Ora Washington (1898-1971) is considered America’s first Black woman sports celebrity. Dubbed “Queen Ora” or “The Queen of the Courts,” Washington dominated in both tennis and basketball.
She could also be called the Queen of Dominance. On the tennis court, Washington won 12-straight American Tennis Association doubles titles and nine-straight singles titles. The ATA was founded in 1916 after what is now the United States Tennis Association banned Black players from its competitions.
On the basketball court, Washington won 11 consecutive world titles and played for the Philadelphia Tribunes and Germantown Hornets. At 5’7, Washington played center, could shoot with both hands, got steals and was considered an all-around player.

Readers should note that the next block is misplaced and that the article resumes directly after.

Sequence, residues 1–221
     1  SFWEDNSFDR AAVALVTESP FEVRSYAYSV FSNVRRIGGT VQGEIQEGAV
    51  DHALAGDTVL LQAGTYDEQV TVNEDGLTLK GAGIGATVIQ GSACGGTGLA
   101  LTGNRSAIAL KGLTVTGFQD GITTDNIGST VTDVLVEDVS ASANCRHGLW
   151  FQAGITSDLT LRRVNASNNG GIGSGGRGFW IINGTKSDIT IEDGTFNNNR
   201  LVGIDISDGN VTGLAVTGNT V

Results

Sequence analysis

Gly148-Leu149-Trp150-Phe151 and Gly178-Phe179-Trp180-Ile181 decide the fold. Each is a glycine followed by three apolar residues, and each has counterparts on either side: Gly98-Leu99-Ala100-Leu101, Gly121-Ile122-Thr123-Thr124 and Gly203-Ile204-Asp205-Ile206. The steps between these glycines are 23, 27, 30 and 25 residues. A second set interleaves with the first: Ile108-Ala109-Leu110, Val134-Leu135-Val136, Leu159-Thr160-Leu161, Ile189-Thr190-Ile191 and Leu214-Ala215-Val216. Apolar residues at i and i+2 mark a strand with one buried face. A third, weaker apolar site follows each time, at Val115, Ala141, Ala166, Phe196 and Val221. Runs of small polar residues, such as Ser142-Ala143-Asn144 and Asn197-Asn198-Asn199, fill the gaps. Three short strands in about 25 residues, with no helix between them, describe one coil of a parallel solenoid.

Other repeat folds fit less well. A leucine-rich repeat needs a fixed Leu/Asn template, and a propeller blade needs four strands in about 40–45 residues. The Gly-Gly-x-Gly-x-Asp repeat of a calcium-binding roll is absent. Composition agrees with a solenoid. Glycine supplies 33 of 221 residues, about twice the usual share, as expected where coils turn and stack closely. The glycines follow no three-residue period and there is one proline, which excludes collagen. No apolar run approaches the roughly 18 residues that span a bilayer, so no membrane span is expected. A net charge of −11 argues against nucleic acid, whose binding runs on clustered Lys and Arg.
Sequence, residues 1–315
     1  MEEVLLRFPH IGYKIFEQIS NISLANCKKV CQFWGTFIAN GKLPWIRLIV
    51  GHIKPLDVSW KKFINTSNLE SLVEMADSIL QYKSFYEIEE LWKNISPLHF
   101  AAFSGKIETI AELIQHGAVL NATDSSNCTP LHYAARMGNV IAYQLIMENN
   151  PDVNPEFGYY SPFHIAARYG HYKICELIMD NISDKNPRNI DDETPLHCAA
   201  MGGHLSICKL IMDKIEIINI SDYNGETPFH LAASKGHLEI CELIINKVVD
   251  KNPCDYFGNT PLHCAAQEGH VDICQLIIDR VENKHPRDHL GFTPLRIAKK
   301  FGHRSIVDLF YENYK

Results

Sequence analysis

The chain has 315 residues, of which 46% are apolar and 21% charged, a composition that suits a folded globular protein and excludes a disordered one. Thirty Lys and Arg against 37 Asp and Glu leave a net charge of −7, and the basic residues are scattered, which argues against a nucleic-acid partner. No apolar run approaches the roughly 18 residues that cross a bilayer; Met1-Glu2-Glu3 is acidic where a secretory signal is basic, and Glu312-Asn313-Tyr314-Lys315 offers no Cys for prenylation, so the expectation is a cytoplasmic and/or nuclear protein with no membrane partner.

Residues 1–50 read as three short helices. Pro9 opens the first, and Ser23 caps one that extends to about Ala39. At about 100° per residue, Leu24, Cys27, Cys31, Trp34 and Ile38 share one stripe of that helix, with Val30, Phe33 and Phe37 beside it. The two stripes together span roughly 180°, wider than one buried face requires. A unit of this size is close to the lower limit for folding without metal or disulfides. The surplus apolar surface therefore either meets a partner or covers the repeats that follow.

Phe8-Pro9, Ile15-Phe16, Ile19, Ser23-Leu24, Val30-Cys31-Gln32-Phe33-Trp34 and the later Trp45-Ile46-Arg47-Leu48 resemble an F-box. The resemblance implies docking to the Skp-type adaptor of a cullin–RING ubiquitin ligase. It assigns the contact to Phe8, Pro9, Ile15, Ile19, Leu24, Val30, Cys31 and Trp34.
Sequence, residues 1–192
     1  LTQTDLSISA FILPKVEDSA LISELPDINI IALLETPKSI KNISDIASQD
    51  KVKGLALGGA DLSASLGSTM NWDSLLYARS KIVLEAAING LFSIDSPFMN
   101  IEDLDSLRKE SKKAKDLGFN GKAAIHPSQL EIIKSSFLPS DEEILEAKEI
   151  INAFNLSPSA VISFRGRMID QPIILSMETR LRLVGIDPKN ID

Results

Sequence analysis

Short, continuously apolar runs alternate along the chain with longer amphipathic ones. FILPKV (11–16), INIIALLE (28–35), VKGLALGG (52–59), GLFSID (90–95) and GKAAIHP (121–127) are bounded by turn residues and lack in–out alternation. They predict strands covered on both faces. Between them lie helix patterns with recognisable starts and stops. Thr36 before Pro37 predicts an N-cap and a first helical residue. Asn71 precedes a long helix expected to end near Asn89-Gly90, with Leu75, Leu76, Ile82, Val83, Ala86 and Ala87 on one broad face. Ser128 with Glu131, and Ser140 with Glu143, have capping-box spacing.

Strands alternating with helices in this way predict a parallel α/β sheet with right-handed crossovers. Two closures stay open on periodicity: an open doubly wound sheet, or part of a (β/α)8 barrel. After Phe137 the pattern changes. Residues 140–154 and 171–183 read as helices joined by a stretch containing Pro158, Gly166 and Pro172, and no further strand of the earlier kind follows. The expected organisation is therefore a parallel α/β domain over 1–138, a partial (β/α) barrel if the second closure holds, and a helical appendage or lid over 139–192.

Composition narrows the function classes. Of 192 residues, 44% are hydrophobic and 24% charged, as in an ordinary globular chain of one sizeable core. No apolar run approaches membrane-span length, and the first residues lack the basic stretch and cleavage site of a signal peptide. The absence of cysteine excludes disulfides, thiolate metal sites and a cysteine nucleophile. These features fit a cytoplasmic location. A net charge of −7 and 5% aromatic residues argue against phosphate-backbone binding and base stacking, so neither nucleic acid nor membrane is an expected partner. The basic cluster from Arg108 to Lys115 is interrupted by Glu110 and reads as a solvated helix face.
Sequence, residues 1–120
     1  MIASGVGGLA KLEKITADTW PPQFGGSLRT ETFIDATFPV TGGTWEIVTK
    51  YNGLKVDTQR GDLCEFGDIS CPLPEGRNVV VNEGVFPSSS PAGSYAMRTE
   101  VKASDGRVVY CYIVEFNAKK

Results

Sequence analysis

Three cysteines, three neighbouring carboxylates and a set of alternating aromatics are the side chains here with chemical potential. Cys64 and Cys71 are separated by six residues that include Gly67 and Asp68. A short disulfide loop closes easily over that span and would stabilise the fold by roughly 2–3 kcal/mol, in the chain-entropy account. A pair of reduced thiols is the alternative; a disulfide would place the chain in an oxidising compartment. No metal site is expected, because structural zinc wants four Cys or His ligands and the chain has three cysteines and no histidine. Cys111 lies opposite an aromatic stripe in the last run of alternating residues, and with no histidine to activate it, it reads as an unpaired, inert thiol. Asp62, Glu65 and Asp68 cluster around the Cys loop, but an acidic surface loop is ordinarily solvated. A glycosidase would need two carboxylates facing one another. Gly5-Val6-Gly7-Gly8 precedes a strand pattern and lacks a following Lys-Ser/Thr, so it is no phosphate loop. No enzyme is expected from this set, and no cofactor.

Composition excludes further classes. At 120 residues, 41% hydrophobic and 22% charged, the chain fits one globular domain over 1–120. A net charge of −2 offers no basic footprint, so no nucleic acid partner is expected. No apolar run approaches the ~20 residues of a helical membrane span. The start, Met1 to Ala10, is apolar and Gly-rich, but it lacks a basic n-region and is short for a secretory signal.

She entered the Black Athletes Hall of Fame in 1976, was enshrined in the Temple Sports Hall of Fame, Women’s Basketball Hall of Fame and Naismith Hall of Fame.
Washington was presented into the Naismith in 2018 by fellow Philly legend Dawn Staley, in the same class as Tina Thompson.
Washington passed away in 1971; there was a Philadelphia Tribune obituary, but most of the sports world hadn’t known. After retiring, she’d been working as a housekeeper, just as she’d been throughout her sports career…
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